import seaborn as sns import matplotlib.pyplot as plt from sklearn.linear_model import LogisticRegression from sklearn.neighbors import NearestNeighbors from sklearn.model_selection import train_test_split, GridSearchCV, KFold, StratifiedKFold from sklearn.svm import SVC from sklearn.preprocessing import StandardScaler from tensorflow.keras import backend as K from tensorflow.keras.models import Sequential, Model from tensorflow.keras.layers import Input, Dense, Embedding, Concatenate, Flatten, BatchNormalization, Dropout, Reshape, Activation from tensorflow.keras.callbacks import Callback, EarlyStopping, ModelCheckpoint
Next, we need to create the training and testing datasets,
# create the training and label data train_df = tf.to_pandas() X = train_df.drop(["PassengerId", "Survived"], axis=1) Y = train_df["Survived"] # specify seed and testing size random_state = 9125 test_size = 0.1 train.log_parameter("test_size", test_size) # check and log to Layer the class distribution class_cnt = Counter(train_df["Survived"]) class_ratio = class_cnt[[k for k in class_cnt.keys()]]/class_cnt[[k for k in class_cnt.keys()]] train.log_parameter("class_ratio", class_ratio)
- The `train` object represents our current train of the model, which will be passed to Layer when training starts;
- The `train.log_parameter` method is used to log the relevant data information (i.e., testing data size and training data class distribution) in Layer for tracking purposes.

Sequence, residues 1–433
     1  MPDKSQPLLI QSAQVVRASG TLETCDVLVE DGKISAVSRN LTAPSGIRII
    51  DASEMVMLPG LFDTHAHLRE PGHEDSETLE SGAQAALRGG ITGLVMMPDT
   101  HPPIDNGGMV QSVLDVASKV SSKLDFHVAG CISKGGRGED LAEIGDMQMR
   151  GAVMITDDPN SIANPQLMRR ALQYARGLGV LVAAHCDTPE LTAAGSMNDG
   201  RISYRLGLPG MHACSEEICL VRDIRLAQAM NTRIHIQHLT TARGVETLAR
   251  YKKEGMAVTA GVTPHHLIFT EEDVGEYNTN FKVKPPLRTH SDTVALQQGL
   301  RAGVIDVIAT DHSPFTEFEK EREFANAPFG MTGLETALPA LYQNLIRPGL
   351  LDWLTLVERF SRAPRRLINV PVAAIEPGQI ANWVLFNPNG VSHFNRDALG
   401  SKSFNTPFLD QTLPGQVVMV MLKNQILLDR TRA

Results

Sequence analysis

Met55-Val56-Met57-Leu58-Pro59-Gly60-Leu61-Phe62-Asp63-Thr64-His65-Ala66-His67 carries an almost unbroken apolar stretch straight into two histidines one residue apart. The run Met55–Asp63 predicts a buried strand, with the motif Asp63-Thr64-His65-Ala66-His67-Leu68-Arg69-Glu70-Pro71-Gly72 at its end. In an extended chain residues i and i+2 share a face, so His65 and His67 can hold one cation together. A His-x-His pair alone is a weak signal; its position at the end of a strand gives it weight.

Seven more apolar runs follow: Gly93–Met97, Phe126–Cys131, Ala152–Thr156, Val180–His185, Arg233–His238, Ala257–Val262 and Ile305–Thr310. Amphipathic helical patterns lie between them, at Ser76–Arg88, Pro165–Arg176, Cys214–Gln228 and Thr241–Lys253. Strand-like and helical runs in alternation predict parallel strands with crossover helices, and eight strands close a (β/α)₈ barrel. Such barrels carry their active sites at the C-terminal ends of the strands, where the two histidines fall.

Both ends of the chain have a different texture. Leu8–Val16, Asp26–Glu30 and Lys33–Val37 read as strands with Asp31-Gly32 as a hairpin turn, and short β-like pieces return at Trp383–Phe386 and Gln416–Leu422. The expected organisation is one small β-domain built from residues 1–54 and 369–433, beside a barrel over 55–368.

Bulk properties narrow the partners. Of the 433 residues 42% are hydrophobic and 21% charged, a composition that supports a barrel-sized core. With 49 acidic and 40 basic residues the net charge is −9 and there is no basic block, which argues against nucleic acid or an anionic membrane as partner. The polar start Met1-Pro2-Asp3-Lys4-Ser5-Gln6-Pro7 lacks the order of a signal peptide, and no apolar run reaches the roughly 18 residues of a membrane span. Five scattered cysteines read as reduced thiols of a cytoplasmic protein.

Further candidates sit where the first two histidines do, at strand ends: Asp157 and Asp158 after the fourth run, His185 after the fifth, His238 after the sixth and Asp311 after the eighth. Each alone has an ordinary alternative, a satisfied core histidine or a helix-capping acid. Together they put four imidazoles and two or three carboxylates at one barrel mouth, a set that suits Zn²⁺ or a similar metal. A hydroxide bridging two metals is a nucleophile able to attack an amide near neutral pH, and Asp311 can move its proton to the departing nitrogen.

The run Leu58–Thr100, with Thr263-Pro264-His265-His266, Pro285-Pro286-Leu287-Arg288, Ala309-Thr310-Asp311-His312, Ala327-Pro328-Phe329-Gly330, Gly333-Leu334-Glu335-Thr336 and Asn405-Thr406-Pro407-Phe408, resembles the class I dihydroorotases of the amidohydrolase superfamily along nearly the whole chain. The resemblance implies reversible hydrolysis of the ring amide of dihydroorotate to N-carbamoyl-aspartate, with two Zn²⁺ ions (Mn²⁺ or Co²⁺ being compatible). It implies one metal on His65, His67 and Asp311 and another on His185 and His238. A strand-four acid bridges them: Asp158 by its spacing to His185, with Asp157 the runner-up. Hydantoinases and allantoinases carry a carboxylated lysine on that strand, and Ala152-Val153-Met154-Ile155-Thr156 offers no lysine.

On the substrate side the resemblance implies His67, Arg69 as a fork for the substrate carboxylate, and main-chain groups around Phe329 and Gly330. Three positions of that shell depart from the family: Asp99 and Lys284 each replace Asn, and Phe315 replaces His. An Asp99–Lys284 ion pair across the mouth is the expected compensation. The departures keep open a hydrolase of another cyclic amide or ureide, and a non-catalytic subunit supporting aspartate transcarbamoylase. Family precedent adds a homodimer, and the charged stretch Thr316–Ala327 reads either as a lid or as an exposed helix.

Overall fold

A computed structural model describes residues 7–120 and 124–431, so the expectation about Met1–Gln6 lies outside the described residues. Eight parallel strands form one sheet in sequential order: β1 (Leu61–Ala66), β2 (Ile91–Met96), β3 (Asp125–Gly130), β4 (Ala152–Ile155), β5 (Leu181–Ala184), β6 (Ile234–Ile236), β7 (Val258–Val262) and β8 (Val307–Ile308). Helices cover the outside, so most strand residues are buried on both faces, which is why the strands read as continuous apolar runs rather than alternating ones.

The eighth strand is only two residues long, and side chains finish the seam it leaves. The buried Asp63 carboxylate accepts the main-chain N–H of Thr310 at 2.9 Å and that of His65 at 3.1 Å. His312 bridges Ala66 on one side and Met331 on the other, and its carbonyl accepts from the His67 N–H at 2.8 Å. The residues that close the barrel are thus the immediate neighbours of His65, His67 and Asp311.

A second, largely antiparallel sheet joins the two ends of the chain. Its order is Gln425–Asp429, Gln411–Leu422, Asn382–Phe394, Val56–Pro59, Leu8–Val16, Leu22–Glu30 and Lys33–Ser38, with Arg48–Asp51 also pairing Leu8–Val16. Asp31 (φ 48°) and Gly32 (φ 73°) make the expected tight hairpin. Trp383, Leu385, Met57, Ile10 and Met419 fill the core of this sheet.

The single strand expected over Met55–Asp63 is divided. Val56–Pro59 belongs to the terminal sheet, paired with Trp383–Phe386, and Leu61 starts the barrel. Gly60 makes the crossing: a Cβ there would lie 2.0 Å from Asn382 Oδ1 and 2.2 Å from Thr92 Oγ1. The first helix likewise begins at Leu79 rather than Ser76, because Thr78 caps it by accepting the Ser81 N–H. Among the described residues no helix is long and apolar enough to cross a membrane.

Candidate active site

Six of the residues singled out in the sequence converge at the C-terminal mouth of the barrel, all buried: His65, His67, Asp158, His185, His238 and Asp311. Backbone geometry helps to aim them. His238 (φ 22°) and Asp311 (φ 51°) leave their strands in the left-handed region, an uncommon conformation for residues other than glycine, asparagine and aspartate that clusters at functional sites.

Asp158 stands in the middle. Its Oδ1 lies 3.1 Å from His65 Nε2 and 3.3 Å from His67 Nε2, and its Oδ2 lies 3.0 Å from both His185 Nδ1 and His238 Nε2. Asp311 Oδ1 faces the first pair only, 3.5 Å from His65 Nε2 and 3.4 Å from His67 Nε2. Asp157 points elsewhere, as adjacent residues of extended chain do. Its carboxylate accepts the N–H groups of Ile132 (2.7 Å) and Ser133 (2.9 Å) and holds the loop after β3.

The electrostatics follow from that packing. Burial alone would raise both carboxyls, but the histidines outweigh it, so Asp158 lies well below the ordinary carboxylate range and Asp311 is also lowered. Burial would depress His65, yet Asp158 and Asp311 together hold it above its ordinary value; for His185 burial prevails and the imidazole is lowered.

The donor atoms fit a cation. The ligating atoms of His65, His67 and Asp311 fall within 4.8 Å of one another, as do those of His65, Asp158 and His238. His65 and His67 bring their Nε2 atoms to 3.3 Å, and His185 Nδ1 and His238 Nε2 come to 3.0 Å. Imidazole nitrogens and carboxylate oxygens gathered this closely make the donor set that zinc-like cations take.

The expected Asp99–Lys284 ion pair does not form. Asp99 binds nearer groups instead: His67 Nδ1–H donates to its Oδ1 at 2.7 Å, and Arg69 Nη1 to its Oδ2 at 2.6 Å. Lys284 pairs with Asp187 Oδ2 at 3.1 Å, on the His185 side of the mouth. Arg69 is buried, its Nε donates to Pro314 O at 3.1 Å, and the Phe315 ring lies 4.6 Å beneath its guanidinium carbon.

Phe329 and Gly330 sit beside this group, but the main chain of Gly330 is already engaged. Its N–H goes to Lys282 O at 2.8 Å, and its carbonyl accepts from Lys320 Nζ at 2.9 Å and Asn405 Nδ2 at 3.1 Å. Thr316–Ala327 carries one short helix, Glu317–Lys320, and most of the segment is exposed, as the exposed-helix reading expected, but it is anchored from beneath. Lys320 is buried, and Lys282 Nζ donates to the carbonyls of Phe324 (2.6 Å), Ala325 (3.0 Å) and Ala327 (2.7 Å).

Then, split the titanic data into training and testing, and standardize the input features for modeling,
### Preprocess the training and testing data def Pre_proc( X, Y, current_test_size, current_seed=random_state, ): (x_train, x_test, y_train, y_test) = train_test_split(X, Y, test_size=current_test_size, random_state=current_seed) sc = StandardScaler() x_train = sc.fit_transform(x_train) x_test = sc.transform(x_test) (y_train, y_test) = (np.array(y_train), np.array(y_test)) return (x_train, x_test, y_train, y_test) (x_train, x_test, y_train, y_test) = Pre_proc(X, Y, current_test_size=test_size) train.log_parameter('train_columns', x_train.shape)
A tip here, we logged `the number of columns` in Layer; this information will come in handy when we specify the input shape of our neural nets.
Moving on to the model, let’s define a neural net with three hidden layers and a sigmoid activation function on the output layer for binary classification,
### Building a neural nets def runModel(cols): inp = Input(shape = (cols,)) x = Dense(128, activation='relu')(inp) x = BatchNormalization()(x) x = Dense(128, activation='relu')(x) x = Dense(64, activation='relu')(x) x = BatchNormalization()(x) out = Dense(1, activation='sigmoid')(x) model = Model(inp, out) return model